Questions about Akatsuki Before Purchase

Hello! I’m super determined in saving up for buying the Akatsuki shamisen this spring and I wanted to confirm a few things.

  1. Is the Akatsuki shamisen a tsugaru style? Can it withstand the most rough style of playing, and is it the largest size shamisen type?

  2. What is considered of higher quality sound, higher durability, and louder projection; natural skin or synthetic skin?

  3. If I buy the shamisen and the accessories in the same order, is it possible to have the shamisen assembled prior to shipping? If not, is there a video tutorial on how to assemble everything?

  4. Is the V-shaped sao the more popular choice and worth spending the extra ~$100 on? Does a smaller sized sao affect the resonance of the instrument at all?

  5. Lastly (phew), what is the most recommended bachi to buy for a beginner that won’t break on me when playing tsugaru style?

Thanks so much, any help would be greatly appreciated!

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Hello! Kyle’s YouTube channel might answer all of your questions

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Hi there, welcome.

For your pleasure, here are some relevant video links for the Akatsuki.

The store page also has the answers to most of your questions:

  • Dou: Karin (High Grade) Size 5 (Tsugaru)
  • Sao: Karin – Highest Grade (Tochi Tiger Stripe), Darkened with red urushi
    Special Feature: Sao topped with solid, high grade kouki
  • Sao Size: Chuzao (28.5mm wide) or Futozao (30mm wide) – Mitsuori (three-piece neck)
  • Sao Shape: ‘U’ Style, ‘V’ Style
  • Tenjin: Ogi Cut, Eclipse Style – Kouki extends from sao to tenjin.
  • Itomaki: Nejiri (twisted) / Kouki wood joined with rosewood
  • Skin: Hibiki (Black/White Synthetic) or Vintage Tone (Natural)
  • Hardware: Azuma Sawari, Rindo, Zagane, and Kamigoma
  • Accessories not included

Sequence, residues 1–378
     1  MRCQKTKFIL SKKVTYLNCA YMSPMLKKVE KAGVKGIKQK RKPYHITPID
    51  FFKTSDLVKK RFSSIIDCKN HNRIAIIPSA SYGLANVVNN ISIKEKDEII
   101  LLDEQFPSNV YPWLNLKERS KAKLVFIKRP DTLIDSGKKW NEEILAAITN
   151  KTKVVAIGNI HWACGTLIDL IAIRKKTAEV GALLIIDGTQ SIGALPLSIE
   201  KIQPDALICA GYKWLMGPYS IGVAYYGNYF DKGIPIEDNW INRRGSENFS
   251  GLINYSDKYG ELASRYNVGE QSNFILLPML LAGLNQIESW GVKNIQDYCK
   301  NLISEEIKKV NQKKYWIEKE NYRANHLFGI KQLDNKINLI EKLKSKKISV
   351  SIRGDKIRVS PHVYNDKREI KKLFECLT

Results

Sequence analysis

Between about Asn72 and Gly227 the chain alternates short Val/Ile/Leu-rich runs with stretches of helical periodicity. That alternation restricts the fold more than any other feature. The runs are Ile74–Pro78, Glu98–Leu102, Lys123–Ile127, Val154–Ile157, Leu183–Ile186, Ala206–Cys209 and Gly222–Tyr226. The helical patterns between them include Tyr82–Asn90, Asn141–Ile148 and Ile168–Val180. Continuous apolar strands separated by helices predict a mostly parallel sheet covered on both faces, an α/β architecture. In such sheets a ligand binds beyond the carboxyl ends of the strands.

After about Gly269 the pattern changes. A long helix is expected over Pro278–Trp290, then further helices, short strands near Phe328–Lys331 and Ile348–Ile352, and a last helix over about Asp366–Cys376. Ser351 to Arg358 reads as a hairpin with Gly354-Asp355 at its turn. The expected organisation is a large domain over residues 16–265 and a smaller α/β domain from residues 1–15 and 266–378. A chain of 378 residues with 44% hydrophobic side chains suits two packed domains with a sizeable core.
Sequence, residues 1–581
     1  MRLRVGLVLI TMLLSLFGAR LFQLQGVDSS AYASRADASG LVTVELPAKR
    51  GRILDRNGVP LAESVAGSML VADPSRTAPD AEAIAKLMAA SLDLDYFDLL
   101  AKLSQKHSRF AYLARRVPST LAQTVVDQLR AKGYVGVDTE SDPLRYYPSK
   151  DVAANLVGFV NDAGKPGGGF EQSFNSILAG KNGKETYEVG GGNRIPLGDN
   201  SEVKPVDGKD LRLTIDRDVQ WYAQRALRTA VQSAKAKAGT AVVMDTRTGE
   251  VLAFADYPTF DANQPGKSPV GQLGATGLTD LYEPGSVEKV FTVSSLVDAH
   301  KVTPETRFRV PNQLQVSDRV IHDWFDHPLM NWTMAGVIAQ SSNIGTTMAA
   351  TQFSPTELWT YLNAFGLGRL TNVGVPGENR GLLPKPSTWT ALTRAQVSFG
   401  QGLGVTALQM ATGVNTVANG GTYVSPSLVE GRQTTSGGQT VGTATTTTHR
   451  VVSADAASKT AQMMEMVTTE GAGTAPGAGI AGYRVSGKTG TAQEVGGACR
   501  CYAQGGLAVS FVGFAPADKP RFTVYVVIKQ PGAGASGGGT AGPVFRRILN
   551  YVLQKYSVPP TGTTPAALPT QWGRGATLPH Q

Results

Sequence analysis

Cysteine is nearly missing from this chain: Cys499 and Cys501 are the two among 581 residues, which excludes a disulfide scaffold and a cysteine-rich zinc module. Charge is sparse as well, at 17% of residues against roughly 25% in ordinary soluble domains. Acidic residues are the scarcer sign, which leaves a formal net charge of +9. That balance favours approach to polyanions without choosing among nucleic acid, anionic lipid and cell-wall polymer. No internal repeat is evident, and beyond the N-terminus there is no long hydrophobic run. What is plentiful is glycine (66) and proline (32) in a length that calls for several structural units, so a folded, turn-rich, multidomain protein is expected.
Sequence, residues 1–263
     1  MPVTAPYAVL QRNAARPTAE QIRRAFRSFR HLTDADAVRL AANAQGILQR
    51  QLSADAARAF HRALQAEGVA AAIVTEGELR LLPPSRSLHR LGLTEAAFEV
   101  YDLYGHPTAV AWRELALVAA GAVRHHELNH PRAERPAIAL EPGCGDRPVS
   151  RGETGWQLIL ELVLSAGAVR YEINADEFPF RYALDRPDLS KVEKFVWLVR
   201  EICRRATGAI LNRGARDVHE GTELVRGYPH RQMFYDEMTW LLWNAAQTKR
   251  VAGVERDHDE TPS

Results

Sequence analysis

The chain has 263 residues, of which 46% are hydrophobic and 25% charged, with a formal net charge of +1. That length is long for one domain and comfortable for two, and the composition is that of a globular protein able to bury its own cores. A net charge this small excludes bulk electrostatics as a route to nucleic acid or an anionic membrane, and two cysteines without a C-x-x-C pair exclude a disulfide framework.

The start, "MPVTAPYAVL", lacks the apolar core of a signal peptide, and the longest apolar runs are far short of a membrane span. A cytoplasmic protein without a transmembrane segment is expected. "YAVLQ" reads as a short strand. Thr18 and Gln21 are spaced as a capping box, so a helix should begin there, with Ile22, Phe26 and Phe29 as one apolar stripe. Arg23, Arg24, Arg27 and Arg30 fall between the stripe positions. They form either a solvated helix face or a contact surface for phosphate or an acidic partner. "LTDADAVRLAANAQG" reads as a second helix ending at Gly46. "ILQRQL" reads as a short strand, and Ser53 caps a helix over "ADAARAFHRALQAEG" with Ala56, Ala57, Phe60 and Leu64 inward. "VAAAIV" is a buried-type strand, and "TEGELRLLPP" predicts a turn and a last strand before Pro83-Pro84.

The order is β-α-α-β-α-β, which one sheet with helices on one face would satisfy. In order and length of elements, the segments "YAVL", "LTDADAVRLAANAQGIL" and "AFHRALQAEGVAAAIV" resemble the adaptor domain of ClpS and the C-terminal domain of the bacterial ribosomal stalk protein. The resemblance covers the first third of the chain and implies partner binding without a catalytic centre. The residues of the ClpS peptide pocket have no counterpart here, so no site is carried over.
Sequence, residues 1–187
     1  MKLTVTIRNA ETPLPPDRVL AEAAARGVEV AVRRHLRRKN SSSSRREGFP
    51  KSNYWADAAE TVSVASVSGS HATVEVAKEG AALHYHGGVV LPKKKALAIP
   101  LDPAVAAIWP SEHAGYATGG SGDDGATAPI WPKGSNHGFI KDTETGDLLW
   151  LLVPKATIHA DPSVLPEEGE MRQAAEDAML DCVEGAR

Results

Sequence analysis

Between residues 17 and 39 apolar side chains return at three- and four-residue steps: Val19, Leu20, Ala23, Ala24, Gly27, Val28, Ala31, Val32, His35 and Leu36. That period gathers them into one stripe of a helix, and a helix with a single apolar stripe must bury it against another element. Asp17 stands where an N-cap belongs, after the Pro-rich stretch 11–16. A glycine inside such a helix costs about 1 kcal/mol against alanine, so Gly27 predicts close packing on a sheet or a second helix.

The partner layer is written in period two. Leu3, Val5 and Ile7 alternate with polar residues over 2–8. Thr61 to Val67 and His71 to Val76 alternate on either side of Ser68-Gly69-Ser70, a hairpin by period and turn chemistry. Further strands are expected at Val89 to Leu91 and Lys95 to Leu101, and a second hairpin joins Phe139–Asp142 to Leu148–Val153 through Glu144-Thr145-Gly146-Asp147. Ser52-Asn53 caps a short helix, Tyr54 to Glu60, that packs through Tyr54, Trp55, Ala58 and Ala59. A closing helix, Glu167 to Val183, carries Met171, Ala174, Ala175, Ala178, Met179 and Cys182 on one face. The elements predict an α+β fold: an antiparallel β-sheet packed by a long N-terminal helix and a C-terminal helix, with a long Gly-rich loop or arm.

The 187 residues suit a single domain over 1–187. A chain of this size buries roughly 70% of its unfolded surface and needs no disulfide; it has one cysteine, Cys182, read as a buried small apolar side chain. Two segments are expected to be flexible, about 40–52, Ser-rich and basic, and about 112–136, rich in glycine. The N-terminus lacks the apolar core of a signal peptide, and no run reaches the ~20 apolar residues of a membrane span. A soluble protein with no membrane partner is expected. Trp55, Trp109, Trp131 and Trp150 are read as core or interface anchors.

A size 5 dou (5分大 or as I’ve seen it also written 5分台) is not the largest - but it is the standard size for Tsugaru instruments intended for adult, male players. Smaller bodied instruments are sometimes built for smaller bodied players - larger ones are sometimes built on special order.

The Akatsuki may be ordered as either chuuzao or futozao neck, but this only impacts the width of the fretboard, it does not overly impact the sound produced. You may also choose between the U and V shaped neck.

The durability of the instrument, as relevant to what we might term tsugarubiki or tataki bachi has much more to do with the skinning than anything else. To that end, let us consider that:

A shamisen skinned for tsugaru will have a different skinning than one done for other genres. When a natural skin is used, it’s more durable and it would seem thicker. Artificial skins of sufficient quality also differ between genres.

Ask two people, and you’ll get two answers. My current preference is towards natural skins, as I generally prefer the sound they produce and I get years of use out them. Moreover, the majority of professional players continue to favor natural skinnings, but as those supplies dwindle… well. Something’s got to give. Particularly given that proplayers may need a new skinning annually - if not, perhaps sooner.

So, to that end:

The older examples of artificial skins were abjectly terrible. Tinny, plasticy, no warmth. Fragile.

Modern materials (including Kyle’s Hibiki) are quite pleasant and frankly, more durable than a natural skin. Speaking of Hibiki, I recently was able to get my hands on a shamisen skinned with it and play a bit. In person, the sound is as warm and nice as the recordings would imply. Moreover, it’s loud as heck. Just, dang. LOUD.

  1. You do not want to ship an assembled shamisen. That’s asking for it to break. There are plenty of how-tos on youtube, and likely floating around on Bachido.

  2. I have no issues playing on a standard instrument, but my hands are not yours.

  3. Everything breaks eventually, doggo. Don’t stress over that. I’ve had plastic, resin, bekkou, zouge, wood, and everything in between chip or damn near explode in my hands before.